Dailekh, Nepal—While attending her prenatal care visits, Sunita learned about a new program offered by the Government of Nepal that gives pregnant women calcium supplements for free. The 25-year-old mother of three knew the value of calcium: it reduces the risk of a potentially fatal pregnancy-related condition. But, at $10, it was too costly.
Through the new calcium supplementation program, Sunita can now get the calcium that will help reduce her risk of pre-eclampsia, which if left untreated can lead to eclampsia—the leading cause of maternal death in Nepal. Sunita visited the local health clinic in her home district of Dailekh. There, she was examined for symptoms of pre-eclampsia, including high blood pressure and elevated levels of protein in urine, and counseled on calcium use. Before leaving, she received two bottles of calcium and an informational brochure.
Sunita is one of nearly 5,000 pregnant women in Dailekh who have participated in the calcium supplementation program. This intervention is being implemented by the Family Health Division of the Nepal Ministry of Health and Population (MoHP), with support from the U.S. Agency for International Development’s Maternal and Child Health Integrated Program (MCHIP), which is led by Jhpiego.
Calcium is an important part of prenatal care in developing countries such as Nepal, as it is proven to reduce the risk of pre-eclampsia by 50 percent. If undiagnosed, women with pre-eclampsia/eclampsia can have seizures and other medical conditions that put themselves and their babies at a high risk of death.
This innovative calcium intervention could mean 50 percent fewer mothers and babies who need emergency care, which is especially critical in places where women cannot easily reach a hospital. In the remote villages of Nepal, accessing health care can mean a several-hour walk through mountainous terrain.
Because pre-eclampsia/eclampsia can develop rapidly and it can be difficult to predict who might be at risk, the MoPH and MCHIP started the program in Dailekh. Together, they launched the pilot in August 2012, after training 268 health workers and 789 female community health volunteers. Now in Dailekh, a pregnant woman who comes for even one prenatal care checkup receives a supply of calcium tablets for the duration of her pregnancy.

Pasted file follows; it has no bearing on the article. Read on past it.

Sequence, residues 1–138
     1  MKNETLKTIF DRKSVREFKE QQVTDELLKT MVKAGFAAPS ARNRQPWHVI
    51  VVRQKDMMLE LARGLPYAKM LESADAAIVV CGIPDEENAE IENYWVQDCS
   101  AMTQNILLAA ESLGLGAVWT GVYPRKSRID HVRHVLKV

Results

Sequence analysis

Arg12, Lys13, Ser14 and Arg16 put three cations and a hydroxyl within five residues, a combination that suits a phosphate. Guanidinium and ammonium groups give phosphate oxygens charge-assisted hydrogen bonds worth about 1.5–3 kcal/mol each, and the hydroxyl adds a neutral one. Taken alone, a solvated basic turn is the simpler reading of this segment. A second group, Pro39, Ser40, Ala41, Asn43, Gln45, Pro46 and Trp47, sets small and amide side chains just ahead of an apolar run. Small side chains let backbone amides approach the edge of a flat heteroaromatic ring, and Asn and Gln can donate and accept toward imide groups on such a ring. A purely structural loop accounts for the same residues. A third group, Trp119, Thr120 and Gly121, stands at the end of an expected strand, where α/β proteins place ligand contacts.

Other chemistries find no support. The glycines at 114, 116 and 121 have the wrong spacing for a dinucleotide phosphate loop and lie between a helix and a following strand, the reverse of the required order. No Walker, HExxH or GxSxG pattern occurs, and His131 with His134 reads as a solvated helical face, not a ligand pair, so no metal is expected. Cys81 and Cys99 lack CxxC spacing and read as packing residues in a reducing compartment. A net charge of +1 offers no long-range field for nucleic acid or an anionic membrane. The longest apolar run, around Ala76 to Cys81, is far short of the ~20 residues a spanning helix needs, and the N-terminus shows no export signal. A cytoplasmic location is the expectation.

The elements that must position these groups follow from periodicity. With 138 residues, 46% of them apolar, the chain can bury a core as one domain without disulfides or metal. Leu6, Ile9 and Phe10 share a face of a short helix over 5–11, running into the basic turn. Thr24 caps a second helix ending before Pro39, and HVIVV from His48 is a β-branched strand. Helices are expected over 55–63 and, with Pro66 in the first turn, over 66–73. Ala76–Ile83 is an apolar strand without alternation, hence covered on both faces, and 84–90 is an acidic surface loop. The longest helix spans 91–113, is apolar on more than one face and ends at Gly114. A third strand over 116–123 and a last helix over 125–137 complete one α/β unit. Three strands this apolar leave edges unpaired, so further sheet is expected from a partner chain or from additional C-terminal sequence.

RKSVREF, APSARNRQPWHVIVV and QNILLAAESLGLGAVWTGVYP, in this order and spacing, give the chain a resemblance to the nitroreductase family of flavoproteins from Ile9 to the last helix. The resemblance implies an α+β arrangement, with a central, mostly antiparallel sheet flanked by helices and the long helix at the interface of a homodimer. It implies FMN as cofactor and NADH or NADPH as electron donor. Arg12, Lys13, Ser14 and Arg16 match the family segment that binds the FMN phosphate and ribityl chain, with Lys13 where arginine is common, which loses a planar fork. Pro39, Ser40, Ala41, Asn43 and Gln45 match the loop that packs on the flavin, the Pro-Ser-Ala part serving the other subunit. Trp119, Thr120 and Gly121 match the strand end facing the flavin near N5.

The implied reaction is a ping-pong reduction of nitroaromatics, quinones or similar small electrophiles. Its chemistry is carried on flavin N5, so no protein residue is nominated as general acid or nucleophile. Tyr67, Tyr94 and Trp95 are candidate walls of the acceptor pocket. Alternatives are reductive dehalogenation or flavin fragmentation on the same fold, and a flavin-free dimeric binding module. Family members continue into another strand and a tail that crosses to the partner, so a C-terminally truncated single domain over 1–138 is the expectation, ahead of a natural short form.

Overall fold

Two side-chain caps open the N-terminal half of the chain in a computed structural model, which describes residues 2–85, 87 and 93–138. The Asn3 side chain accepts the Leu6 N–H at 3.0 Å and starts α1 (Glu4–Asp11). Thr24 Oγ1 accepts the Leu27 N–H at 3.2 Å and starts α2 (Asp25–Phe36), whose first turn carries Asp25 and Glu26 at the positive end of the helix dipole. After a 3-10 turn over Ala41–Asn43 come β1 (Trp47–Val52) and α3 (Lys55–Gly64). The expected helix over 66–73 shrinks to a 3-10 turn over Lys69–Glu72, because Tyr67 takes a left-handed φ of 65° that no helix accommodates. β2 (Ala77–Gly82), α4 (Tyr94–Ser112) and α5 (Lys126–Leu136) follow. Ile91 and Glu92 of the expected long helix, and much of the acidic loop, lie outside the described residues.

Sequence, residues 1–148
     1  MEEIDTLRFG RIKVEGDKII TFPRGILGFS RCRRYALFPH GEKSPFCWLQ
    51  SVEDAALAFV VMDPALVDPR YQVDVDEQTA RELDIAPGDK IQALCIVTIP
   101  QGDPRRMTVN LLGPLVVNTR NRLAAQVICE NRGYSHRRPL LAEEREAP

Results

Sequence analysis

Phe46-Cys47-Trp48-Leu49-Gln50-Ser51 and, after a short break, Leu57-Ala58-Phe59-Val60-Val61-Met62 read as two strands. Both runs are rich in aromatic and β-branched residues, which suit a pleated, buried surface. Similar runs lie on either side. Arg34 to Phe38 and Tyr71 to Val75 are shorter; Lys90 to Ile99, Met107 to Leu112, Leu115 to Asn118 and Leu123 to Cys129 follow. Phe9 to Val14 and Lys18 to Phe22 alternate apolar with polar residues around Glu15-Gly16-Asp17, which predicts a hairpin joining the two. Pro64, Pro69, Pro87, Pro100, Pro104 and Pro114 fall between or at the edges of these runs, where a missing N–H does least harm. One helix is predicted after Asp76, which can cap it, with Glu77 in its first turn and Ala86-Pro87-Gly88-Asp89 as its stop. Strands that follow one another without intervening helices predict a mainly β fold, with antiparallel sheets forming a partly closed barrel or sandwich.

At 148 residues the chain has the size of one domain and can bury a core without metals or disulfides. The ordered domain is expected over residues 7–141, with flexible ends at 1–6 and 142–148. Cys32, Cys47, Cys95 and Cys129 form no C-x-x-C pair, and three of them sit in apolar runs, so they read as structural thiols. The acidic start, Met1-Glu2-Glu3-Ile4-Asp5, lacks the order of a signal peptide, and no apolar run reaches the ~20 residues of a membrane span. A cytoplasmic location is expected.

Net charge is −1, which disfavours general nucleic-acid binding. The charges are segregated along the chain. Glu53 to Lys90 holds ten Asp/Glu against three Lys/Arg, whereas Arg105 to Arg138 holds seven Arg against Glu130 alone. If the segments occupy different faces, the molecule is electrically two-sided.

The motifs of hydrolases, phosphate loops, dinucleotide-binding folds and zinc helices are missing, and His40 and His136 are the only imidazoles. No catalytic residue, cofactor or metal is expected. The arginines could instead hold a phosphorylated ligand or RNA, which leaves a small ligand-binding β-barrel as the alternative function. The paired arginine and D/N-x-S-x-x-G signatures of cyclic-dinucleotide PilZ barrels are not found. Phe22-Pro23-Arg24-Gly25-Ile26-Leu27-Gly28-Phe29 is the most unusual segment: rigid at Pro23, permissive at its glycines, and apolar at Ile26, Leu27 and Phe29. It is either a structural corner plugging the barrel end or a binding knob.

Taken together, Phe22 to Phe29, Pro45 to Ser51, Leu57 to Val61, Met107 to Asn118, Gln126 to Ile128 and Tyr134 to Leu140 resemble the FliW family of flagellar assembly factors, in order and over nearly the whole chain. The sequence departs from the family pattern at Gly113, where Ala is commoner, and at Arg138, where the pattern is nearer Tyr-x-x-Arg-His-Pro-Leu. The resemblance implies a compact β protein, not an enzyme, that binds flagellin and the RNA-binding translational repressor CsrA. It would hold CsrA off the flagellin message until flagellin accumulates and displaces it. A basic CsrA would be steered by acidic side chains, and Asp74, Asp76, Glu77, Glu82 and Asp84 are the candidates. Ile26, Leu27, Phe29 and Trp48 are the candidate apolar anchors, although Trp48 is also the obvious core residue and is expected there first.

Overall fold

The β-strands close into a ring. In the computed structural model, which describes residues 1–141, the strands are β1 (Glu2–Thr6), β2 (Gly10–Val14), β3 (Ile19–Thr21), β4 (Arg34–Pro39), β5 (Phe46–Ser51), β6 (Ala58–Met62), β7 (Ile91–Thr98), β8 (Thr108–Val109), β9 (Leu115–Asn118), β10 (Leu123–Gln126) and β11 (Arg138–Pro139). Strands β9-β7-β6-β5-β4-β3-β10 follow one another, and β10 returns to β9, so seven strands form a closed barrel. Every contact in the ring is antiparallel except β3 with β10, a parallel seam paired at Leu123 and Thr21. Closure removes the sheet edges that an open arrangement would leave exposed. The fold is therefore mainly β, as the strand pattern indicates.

Since participating in the program, Sunita has encouraged other women to receive prenatal care and take calcium. Upon meeting an MCHIP staff member, Sunita said, “I already finished one bottle and started the second bottle, and I am feeling better. I have recovered from the weakness which I was experiencing.”
This program is yet another example of a successful collaboration between Jhpiego and the Government of Nepal. Almost a decade ago, Jhpiego worked in partnership with the MoPH to help reduce the number of women dying from postpartum hemorrhage (PPH), which was the leading cause of maternal death at the time. The innovative PPH program trained community health workers to educate pregnant women and their families on the use and benefits of misoprostol, as well as how to properly distribute this lifesaving medication to women who could not reach a health facility to give birth. The program was so successful in preventing PPH at home births that the MoPH has since expanded the intervention from 31 to 75 districts.
Ultimately, the calcium supplementation program seeks to demonstrate that women are interested in receiving calcium and taking it throughout their pregnancy. Thus far, the free supplementation has proven to be so popular that the number of women who have received calcium has exceeded expectations. Based on these findings, the government will consider providing it for free for all pregnant women in Nepal, as they already do with iron/folic acid tablets.